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Published in the Adelaide Hills Weekender Herald.
Things change, people change, even words change. The meaning and context of the word “bespoke” or to “speak for” has changed too. Although clichéd, swings and roundabouts are particularly relevant to the curious case of “bespoke”. Once the exclusive providence of suiting Savile Row style and a byword for class and luxury; the word has entered the domain of the everyday in contemporary English. Anything can be “bespoke”; we can now apply the word to the ordinary and elevate anything to the extraordinary; the bland to the bourgeoisie, even if only for a moment.
The word “bespoke” certainly comes into the twenty first century laden with meaning and a rich heritage but because of the allure it presents, it has been hijacked, taken hostage by every endeavour hoping to underscore exclusivity, luxury and personal signature. The problem is that the word has been spread too thin, like too little butter over too much bread. Not only is bespoke used to describe a myriad of items but it has lost its gravitas within the world from which it was born.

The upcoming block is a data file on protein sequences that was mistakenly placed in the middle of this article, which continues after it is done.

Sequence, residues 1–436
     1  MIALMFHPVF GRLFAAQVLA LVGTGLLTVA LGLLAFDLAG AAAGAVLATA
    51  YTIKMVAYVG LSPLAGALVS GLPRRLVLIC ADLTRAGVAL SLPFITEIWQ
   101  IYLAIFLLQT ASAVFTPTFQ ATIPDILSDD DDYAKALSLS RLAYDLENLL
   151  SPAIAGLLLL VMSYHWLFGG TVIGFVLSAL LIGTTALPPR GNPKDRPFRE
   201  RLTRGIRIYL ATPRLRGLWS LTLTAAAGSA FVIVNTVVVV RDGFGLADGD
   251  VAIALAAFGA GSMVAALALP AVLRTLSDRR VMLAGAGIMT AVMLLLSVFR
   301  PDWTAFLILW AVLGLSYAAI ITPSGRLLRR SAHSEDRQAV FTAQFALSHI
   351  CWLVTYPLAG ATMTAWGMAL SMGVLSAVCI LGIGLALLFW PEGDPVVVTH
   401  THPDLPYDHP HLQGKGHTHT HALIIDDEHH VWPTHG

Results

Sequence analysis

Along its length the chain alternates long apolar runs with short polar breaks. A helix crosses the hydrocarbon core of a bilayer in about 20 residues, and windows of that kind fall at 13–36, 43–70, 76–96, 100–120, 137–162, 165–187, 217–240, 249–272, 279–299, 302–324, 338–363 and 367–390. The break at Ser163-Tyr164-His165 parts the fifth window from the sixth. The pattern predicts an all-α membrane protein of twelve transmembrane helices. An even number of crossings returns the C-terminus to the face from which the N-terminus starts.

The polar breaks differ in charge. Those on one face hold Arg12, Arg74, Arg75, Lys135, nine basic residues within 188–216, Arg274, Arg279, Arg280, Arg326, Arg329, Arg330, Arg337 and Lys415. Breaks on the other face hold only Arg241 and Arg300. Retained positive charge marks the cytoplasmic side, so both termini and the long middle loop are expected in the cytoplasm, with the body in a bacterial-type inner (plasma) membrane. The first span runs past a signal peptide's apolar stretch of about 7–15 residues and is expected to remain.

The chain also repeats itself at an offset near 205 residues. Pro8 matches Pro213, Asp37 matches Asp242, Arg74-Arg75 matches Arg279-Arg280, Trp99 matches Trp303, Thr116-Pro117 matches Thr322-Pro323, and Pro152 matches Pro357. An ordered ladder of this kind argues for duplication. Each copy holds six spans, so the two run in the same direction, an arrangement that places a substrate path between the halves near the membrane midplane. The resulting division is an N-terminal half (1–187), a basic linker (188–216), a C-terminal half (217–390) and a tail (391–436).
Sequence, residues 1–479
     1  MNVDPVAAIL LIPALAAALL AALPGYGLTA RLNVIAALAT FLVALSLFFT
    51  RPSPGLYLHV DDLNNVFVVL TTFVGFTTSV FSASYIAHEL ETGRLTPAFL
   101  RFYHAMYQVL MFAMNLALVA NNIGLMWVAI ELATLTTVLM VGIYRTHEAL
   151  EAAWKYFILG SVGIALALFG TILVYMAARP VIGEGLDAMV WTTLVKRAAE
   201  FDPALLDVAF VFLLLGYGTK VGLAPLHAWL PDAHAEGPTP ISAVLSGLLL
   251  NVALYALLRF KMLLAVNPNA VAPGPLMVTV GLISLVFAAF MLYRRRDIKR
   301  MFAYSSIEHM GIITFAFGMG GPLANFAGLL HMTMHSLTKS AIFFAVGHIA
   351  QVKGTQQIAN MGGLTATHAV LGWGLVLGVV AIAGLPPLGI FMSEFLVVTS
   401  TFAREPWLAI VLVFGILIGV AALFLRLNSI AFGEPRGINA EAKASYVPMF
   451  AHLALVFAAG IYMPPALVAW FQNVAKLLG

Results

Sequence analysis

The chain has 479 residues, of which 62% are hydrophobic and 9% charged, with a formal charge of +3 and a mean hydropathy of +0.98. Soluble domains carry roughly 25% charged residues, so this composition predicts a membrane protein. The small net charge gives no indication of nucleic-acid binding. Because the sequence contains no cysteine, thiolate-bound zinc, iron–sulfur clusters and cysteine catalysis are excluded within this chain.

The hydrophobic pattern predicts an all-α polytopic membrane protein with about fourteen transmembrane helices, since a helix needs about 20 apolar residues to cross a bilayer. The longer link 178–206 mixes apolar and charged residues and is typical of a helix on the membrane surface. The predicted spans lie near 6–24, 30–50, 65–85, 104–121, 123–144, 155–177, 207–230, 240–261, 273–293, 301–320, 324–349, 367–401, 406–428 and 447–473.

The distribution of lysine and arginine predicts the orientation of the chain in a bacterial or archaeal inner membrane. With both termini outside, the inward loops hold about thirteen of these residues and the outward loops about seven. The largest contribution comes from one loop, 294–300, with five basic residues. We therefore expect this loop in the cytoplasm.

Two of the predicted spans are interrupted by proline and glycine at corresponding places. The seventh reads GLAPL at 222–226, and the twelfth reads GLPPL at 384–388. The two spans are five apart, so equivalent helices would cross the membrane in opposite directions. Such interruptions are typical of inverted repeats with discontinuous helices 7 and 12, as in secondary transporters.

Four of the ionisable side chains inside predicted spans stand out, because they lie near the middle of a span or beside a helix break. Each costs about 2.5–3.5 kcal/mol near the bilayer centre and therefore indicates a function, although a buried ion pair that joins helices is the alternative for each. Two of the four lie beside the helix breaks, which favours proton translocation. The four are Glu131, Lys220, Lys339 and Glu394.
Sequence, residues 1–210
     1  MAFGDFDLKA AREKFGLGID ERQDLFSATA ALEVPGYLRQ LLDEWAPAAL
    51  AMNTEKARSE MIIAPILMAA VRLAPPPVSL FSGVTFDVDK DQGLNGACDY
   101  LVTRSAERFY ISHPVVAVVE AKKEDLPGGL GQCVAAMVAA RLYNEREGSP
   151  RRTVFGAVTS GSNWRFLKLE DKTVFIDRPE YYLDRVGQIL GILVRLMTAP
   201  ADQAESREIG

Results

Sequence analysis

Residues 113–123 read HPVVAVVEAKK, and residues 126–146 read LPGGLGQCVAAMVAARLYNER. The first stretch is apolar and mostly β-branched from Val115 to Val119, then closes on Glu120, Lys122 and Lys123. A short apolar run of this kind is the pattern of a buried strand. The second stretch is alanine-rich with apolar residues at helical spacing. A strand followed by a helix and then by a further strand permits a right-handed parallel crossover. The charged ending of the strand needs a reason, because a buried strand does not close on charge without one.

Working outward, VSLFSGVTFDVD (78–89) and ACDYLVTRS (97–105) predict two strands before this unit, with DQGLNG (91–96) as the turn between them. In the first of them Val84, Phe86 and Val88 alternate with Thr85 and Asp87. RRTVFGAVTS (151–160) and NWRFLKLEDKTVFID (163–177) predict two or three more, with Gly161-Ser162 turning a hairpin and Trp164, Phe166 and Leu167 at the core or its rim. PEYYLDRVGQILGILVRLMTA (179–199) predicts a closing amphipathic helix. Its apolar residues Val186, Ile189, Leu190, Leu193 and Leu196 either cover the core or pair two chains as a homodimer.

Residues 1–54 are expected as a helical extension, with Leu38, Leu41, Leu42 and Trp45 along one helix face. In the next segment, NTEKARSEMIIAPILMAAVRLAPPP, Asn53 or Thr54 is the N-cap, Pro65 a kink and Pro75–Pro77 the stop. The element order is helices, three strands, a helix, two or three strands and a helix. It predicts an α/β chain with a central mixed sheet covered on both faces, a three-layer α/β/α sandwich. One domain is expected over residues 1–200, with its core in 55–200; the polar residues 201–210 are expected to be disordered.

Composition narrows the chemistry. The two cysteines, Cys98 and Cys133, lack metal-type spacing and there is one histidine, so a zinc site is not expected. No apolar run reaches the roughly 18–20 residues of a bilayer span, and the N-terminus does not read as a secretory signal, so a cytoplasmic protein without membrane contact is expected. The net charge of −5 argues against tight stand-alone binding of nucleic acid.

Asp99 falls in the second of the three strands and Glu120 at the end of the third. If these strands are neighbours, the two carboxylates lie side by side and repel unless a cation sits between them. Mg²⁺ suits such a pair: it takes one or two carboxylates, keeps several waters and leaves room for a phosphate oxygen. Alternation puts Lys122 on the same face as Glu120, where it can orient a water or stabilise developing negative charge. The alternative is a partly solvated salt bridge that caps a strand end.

Today every wannabe designer, consultant, expert and so-called tailor throws the word around to describe any gentleman’s suit from ready to wear to made to measure and everything in-between. For a suit to be properly bespoke in the tradition of Savile Row, it needs to tick a few boxes. Firstly, you must choose a luxury cloth from an established house like Dormeuil, Ariston or Holland & Sherry. Next you must be professionally measured by a tailor to capture your attitude (posture), physical dimensions and the essence of your vision. Someone who displays a penchant for tailoring or enjoys flipping through issues of GQ doesn’t qualify regardless of how much rigorous Googling they have done.
Real tailors have studied an apprenticeship. They have been an understudy to a master tailor for a number of years moving gradually up the ladder of responsibility and learning the craft with precision. Some tailors specialise in jackets, some in trousers and some never cut a pattern but merely finish the suit. The master cutter will make a pattern or toile first which will be build up around you around as the suit takes shape. The process is not quick; it’s not supposed to be. It’s a labour of love and you are encouraged to live the experience. Beware, once you wear a true bespoke suit you set a precedent. Nothing else will be good enough moving forward.